When you think of sharks, you’re probably imagining a swimming apex predator’s dorsal fin cutting through the water’s surface, but there are increasing examples in the ocean which prove sharks have more than one mode of locomotion. A talented shark species proved this point earlier this year, as it was recorded for the first time using its pectoral and pelvic fins to potter along the seafloor in Raja Ampat, Indonesia. Named the leopard epaulette shark, Hemiscyllium freycineti, it joins eight other species of walking sharks and researchers predict there are many more to be found.
“As for many ‘new’ species of sharks, these animals were known but just considered to be a population of another species,” wrote research fellow Christine Dudgeon from the University of Queensland in an email to IFLScience. “In the walking sharks there are now 9 described species but a decade ago there were 5. One of the species, Hemiscyllium ocellatum, which is the main species that is called the epaulette shark, was thought to be found throughout the distribution of the genus but because we have been able to use genetics to separate out species H. ocellatum is now restricted to the Great Barrier Reef in Australia.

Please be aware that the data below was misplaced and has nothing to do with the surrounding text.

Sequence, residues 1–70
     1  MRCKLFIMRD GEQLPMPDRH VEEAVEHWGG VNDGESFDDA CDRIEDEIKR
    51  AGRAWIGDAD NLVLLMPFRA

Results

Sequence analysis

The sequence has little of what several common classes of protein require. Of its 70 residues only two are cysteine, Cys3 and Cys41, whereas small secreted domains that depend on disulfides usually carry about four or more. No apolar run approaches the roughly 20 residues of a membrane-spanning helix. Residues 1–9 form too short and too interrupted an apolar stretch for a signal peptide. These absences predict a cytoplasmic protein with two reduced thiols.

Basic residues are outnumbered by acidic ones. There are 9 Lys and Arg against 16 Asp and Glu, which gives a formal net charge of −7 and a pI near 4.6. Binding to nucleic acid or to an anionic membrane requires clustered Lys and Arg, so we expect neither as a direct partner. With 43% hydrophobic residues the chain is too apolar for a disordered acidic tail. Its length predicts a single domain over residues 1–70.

“All the nine species are very similar. They are small (typically less than 1-meter total length), elongate with a long, single lobed tail. The body shapes are essentially identical and the only thing that separates them morphologically are their patterns. They are highly ornate and the patterns do vary from location to location.”
Walk on you crazy sharks.